Larry Aaronson, a neighbor and retired history teacher at Cambridge Rindge and Latin School, got to know Dzhokhar while taking photos of the high school wrestling team and other school activities.
"It's completely out of his character," Aaronson said of Dzhokhar's alleged role in the bombings. "Everything about him was wonderful. He was completely outgoing, very engaged, he loved the school. He was grateful not to be in Chechnya."
Dzhokhar was not overtly political or religious, Aaronson says. "He spoke and acted like any other high school kid."
Boston Police Commissioner Ed Davis made the announcement that the entire city should stay indoors at a news conference where Gov. Deval Patrick said the remaining suspect, described as a dangerous terrorist, was still on the loose.
The developments came after the suspects killed an MIT police officer overnight, injured a transit officer in a firefight and threw explosive devices at police during their getaway attempt, authorities said as the manhunt intensified.
The suspects were identified to The Associated Press as coming from the Russian region near Chechnya, which has been plagued by an Islamic insurgency stemming from separatist wars. A law enforcement intelligence bulletin obtained by the AP identified the surviving bomb suspect as Dzhokhar A. Tsarnaev, a 19-year-old who had been living in Cambridge, just outside Boston, and said he "may be armed and dangerous."
Two law enforcement officials told the AP that Tsarnaev and the other suspect, who was not immediately identified, had been living legally in the U.S. for at least one year.
In Boston, authorities suspended all mass transit and urged people to stay indoors as they searched for the remaining suspect, a man seen wearing a white baseball cap on surveillance footage from Monday's deadly bombing at the marathon finish line.
"We believe this man to be a terrorist," said Boston Police Commissioner Ed Davis. "We believe this to be a man who's come here to kill people."
Authorities urged residents in Watertown, Newton, Arlington, Waltham, Belmont, Cambridge and the Allston-Brighton neighborhoods of Boston to stay indoors. At least a quarter of a million people live in those suburbs. All mass transit was shut down, and businesses were asked not to open Friday. People waiting at bus and subway stops were told to go home.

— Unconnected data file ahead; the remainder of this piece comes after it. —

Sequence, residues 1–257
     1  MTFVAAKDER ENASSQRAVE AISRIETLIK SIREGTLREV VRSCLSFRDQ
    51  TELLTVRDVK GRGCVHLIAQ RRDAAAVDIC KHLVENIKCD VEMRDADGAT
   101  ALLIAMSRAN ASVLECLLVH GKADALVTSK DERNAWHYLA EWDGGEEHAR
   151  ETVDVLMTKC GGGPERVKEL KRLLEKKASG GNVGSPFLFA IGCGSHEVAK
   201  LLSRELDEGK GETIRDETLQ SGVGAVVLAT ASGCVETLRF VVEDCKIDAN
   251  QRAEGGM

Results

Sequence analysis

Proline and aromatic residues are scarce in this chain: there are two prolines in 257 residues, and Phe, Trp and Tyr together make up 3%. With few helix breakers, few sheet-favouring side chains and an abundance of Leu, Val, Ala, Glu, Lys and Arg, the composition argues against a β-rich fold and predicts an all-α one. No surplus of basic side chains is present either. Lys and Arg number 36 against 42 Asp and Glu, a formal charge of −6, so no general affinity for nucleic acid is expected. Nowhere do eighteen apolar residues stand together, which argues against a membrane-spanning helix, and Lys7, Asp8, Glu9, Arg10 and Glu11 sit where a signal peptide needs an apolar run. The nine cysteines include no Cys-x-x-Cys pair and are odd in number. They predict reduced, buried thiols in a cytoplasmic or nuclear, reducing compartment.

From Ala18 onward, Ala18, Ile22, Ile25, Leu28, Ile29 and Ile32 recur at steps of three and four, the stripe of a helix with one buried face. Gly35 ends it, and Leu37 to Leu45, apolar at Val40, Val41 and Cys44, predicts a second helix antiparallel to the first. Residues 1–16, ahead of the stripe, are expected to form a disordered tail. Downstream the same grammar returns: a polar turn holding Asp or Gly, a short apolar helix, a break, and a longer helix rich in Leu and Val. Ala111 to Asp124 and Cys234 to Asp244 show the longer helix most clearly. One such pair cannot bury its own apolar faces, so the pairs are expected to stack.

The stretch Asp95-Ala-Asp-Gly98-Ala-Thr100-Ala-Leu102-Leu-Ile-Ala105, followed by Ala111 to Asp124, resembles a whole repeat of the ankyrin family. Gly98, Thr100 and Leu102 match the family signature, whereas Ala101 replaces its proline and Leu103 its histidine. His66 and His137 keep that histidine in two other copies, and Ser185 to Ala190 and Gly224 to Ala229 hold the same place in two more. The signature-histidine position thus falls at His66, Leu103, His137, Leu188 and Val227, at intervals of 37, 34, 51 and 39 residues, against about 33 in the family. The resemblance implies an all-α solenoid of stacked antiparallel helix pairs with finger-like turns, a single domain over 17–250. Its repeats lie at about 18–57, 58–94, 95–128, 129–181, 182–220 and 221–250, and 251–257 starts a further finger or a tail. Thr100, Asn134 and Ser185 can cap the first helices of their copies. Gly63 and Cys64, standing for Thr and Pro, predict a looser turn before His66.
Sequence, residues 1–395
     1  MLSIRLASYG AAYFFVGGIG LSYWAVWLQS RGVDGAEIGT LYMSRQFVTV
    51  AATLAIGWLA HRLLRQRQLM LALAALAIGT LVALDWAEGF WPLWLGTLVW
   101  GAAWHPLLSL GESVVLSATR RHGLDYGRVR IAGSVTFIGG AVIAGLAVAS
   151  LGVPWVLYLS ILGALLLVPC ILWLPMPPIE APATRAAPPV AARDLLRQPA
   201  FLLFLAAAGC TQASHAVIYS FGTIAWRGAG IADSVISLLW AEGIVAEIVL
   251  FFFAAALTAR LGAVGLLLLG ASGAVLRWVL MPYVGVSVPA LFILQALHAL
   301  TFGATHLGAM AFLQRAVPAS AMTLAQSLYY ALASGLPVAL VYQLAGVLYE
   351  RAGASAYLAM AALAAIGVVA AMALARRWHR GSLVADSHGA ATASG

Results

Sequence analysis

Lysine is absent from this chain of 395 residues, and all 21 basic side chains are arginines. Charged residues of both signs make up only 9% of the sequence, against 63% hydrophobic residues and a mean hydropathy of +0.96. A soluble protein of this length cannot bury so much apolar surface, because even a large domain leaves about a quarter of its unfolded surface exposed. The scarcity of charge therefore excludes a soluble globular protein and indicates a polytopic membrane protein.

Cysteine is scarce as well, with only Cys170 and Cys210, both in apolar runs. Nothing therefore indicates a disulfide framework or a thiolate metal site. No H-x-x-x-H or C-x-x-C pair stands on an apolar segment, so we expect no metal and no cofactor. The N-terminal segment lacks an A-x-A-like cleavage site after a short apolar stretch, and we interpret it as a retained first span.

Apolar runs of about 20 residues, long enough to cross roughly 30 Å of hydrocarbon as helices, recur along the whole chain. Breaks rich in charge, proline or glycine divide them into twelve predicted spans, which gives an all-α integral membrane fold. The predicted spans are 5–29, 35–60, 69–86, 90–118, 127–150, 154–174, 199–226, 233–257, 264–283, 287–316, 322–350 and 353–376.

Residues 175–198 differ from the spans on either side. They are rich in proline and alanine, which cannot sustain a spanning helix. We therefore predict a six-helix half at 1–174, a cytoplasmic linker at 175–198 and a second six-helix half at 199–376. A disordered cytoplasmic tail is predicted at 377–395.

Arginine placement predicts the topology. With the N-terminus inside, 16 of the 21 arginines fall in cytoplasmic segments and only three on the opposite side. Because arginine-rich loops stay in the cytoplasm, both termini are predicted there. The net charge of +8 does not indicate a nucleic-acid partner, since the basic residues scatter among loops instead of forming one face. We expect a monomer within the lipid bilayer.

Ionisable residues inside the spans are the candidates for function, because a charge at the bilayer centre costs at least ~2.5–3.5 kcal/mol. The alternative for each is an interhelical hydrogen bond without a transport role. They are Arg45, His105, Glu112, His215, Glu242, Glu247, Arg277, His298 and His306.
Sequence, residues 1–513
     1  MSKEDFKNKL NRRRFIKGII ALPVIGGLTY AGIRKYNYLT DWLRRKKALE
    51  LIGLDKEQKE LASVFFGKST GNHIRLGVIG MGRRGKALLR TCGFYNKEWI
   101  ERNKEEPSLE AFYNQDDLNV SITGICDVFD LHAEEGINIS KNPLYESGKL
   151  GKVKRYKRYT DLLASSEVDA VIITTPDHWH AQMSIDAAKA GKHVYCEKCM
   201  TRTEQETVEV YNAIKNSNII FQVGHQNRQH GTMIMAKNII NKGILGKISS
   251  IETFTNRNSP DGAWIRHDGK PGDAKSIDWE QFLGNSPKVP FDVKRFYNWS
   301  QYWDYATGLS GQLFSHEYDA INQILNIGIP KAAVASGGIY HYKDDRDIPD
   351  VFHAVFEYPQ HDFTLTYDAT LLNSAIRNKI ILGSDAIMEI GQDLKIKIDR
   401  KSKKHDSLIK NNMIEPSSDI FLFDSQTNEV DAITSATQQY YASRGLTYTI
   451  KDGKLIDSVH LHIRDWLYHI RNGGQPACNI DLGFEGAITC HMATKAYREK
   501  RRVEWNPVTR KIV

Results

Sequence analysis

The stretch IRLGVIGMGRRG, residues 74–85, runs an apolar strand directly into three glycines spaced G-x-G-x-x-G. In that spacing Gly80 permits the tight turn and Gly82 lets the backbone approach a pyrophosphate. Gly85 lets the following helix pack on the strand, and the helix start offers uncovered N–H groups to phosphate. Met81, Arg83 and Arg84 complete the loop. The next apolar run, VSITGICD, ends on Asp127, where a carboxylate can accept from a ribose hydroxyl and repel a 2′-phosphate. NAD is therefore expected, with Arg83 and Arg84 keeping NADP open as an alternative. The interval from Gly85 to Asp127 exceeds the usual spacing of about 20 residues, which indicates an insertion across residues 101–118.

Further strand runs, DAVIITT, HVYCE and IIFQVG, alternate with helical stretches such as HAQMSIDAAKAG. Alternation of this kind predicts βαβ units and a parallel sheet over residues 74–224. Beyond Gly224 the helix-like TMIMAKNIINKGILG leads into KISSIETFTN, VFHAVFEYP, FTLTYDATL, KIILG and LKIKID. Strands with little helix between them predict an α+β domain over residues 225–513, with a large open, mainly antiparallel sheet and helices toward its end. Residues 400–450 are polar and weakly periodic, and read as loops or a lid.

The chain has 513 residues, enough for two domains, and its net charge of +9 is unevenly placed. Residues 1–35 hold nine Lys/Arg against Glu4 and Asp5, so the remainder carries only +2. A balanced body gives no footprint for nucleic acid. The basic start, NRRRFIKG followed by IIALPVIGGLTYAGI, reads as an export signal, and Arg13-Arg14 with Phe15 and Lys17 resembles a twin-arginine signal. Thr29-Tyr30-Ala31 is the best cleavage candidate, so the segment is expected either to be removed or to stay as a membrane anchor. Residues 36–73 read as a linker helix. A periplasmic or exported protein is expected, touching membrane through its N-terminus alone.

The shutdown came hours after the killing of one suspect, known as the man in the black hat from marathon surveillance footage.
All modes of public transportation were shut down, including buses, subways, trolleys, commuter rail and boats, said Joe Pesaturo, spokesman for the Massachusetts Bay Transportation Authority.
The White House said President Barack Obama was being briefed on developments overnight by Lisa Monaco, his assistant for homeland security and counterterrorism.
The suspects' clashes with police began only a few hours after the FBI released photos and videos of the two young men, who were seen carrying backpacks as they mingled among marathon revelers. The bombings on Monday killed three people and wounded more than 180 others, and authorities revealed the images to enlist the public's help finding the suspects.
The images released by the FBI depict two young men, each wearing a baseball cap, walking one behind the other near the finish line. Richard DesLauriers, FBI agent in charge in Boston, said the suspect in the white hat was seen setting down a bag at the site of the second of two deadly explosions.
Authorities said surveillance tape recorded late Thursday showed the suspect known for the white hat during a robbery of a convenience store in Cambridge, near the campus of MIT, where a university police officer was killed while responding to a report of a disturbance, said State Police Col Timothy Alben. The officer died of multiple gunshot wounds.
From there, authorities say, the two men carjacked a man in a Mercedes-Benz, keeping him with them in the car for half an hour before releasing him at a gas station in Cambridge. The man was not injured.